Jump to content
 
Search In
  • More options...
Find results that contain...
Find results in...

Recommended Posts

23 minutes ago, Vautrin said:

That had me scratching my head too. Sure, she was a reliable star, but she was never a big/huge movie star.

Her biggest role in the 1970s was the Police Woman TV show. I think Lee Marvin became a star in the later

1960s starting with The Dirty Dozen. This movie reminds me a bit of those Don Knotts' 1960s Universal films.

Kind of low-budget movies with lots of recognizable TV stars. Obviously the themes were a lot different. It

would have been perfect if the final shootout had taken place at The Brady Bunch house, though I suppose

that would have been an anachronism. 

I liked Police Woman, but always was amused that the guys ended up bailing Angie out in most episodes.

Link to post
Share on other sites
4 hours ago, Hoganman1 said:

It's pretty clear to me that Reagan was not a big star. I think the only other films of his I've seen are KNUTE ROCKNE and DARK VICTORY. I missed BEDTIME FOR BONZO,

Reagan is actually pretty good in Kings Row, probably his best work. Not bad in The Hasty Heart, either, both good films. But if you're suggesting that there are a lot of actors of the same period you prefer, me too.

  • Thanks 1
Link to post
Share on other sites
2 hours ago, Hibi said:

 

Yeah, right. Where does Eddie come off saying Angie Dickenson was A HUGE STAR??? She was NEVER a HUGE star!

I believe the theater people voted her #1 female star of the year when Dressed to Kill was released, a big hit at the box office. She never had a big follow-up movie, however. A huge star she wasn't, especially given how attractive she was and the fact that she actually could act.

  • Like 1
Link to post
Share on other sites
4 hours ago, ElCid said:

I liked Police Woman, but always was amused that the guys ended up bailing Angie out in most episodes.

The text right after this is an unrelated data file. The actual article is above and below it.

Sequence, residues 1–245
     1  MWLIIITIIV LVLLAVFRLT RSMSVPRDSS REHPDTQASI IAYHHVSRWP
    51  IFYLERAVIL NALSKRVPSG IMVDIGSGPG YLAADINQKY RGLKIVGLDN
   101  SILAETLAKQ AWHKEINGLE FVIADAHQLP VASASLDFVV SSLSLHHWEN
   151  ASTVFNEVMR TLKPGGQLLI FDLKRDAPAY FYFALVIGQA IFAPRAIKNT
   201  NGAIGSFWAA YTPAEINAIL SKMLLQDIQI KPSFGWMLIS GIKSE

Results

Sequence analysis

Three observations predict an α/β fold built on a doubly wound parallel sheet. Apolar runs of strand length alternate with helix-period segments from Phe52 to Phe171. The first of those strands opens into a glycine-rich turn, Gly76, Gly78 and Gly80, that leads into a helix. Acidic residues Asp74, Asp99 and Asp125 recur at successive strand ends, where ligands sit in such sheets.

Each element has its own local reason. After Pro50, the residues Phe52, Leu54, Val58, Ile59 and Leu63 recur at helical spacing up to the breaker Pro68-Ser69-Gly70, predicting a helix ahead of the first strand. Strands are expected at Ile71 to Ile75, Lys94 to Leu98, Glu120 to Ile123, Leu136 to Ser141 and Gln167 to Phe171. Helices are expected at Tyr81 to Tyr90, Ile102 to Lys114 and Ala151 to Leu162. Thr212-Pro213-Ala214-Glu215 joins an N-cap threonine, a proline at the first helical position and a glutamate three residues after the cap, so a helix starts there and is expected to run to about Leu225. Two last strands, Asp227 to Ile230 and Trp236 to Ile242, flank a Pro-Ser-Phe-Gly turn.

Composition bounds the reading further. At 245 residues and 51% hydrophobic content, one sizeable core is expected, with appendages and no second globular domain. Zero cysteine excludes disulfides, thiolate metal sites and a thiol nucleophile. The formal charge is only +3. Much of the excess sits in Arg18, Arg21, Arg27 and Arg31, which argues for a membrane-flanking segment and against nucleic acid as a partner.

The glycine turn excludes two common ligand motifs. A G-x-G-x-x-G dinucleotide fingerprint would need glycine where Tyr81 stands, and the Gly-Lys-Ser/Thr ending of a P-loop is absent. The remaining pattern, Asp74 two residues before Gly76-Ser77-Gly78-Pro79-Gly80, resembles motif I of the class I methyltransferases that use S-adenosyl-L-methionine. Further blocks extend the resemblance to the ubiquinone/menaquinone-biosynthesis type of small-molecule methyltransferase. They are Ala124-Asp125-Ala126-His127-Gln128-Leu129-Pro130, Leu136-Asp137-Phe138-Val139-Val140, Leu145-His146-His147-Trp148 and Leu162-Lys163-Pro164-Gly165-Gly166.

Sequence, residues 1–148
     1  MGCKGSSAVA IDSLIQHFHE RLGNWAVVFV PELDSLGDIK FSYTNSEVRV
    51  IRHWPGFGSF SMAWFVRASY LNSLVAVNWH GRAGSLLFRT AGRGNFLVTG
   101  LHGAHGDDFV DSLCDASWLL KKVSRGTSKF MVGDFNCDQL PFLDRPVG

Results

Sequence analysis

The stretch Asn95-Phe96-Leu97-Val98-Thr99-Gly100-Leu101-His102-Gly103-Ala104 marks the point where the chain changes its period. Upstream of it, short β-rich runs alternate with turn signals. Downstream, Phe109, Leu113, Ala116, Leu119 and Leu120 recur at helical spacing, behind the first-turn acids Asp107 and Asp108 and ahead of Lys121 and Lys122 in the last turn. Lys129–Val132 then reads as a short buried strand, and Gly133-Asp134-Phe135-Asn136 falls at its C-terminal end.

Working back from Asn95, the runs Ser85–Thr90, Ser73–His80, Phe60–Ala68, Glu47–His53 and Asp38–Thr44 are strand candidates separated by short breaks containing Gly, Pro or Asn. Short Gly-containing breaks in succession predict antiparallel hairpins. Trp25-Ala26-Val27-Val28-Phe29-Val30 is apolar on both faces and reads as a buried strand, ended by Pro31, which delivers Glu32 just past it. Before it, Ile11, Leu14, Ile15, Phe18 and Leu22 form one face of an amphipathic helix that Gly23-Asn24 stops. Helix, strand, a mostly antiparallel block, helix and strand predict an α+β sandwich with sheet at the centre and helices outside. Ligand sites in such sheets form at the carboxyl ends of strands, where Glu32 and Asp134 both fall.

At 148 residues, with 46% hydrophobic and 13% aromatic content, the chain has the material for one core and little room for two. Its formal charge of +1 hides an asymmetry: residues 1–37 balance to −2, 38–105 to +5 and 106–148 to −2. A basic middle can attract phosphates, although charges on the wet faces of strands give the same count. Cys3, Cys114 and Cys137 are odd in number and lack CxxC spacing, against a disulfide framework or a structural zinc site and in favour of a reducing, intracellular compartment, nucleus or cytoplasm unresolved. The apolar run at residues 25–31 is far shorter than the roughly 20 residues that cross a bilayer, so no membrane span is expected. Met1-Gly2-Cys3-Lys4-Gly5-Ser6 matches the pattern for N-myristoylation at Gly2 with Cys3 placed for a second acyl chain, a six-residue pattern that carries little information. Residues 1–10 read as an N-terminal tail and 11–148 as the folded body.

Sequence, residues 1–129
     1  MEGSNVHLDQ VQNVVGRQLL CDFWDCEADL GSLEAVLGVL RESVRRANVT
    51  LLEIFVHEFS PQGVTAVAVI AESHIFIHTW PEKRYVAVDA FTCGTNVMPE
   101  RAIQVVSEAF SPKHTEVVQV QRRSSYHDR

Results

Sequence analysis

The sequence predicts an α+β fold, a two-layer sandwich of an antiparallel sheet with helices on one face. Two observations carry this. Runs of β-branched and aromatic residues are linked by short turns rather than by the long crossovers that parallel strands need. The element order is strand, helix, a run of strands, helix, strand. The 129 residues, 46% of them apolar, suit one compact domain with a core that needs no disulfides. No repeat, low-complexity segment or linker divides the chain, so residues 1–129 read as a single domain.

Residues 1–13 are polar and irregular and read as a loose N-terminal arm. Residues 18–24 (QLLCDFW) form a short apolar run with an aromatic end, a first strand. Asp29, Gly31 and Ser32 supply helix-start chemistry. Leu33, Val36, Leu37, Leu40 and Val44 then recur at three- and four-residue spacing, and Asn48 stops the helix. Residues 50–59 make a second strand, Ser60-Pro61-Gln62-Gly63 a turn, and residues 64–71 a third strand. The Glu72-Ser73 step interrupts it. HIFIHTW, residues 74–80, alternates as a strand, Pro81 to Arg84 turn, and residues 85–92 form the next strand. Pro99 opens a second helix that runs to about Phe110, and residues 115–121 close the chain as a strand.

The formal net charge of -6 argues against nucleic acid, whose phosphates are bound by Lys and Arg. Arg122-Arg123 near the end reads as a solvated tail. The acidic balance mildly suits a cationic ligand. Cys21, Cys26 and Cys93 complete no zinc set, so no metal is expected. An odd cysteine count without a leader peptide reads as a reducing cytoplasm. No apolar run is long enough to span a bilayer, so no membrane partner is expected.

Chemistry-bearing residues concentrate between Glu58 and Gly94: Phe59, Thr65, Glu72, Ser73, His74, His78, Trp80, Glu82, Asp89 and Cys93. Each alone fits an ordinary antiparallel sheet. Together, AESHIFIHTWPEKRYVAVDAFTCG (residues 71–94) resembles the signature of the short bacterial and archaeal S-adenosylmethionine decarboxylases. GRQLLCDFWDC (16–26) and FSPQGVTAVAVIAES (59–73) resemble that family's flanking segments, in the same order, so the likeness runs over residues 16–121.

True.

Link to post
Share on other sites
2 hours ago, kingrat said:

I believe the theater people voted her #1 female star of the year when Dressed to Kill was released, a big hit at the box office. She never had a big follow-up movie, however. A huge star she wasn't, especially given how attractive she was and the fact that she actually could act.

Yeah, but the film wasn't a hit because of her participation in it. Anyone could've played the part. She just lucked out there. She exits the film quite early.

  • Like 1
Link to post
Share on other sites

I liked this version of The Killers well enough (I think it might have been the third time I've ever watched it over the years), but no, there's no way this version even comes close to the quality of the 1946 version.

First, IMO, Robert Siodmak's direction in the '46 version is far superior to Don Siegel's in the latter. And, so is the cinematography.

Secondly, I've never EVER found Angie Dickenson to be all that attractive. Or, perhaps to paraphrase Sen. Lloyd Bentsen's famous line, "I know Ava Gardner, and Angie, you're no Ava Gardner". (sorry, MissW  ;) )  And besides, I've always loved the final scene in the original and were Ava pleads not for her life (as Angie does), but for her dying sugar daddy to exonerate her to the police as she's being taken away by them. The remake in my view contains too much unnecessary bloodshed, and which I think lessens the impact of the film's conclusion and seems almost too easy and simple of an ending for this story.

Now, being the gearhead that I am, I DID enjoy looking at all the classic race and passenger cars in the remake and which of course served the purpose of showing Cassavettes as a race car driver whose services as such would be of later use in the plot in this version.

(...but other than that, nope, its "2.5 to 3-star" rating as compared to the original's 4-star rating is and continues to be perfectly understandable in my view)

  • Like 3
  • Thanks 1
Link to post
Share on other sites

The Criterion DVD release of both versions of The Killers features an interesting 2002 interview that Clu Gulaher had about the making of his version.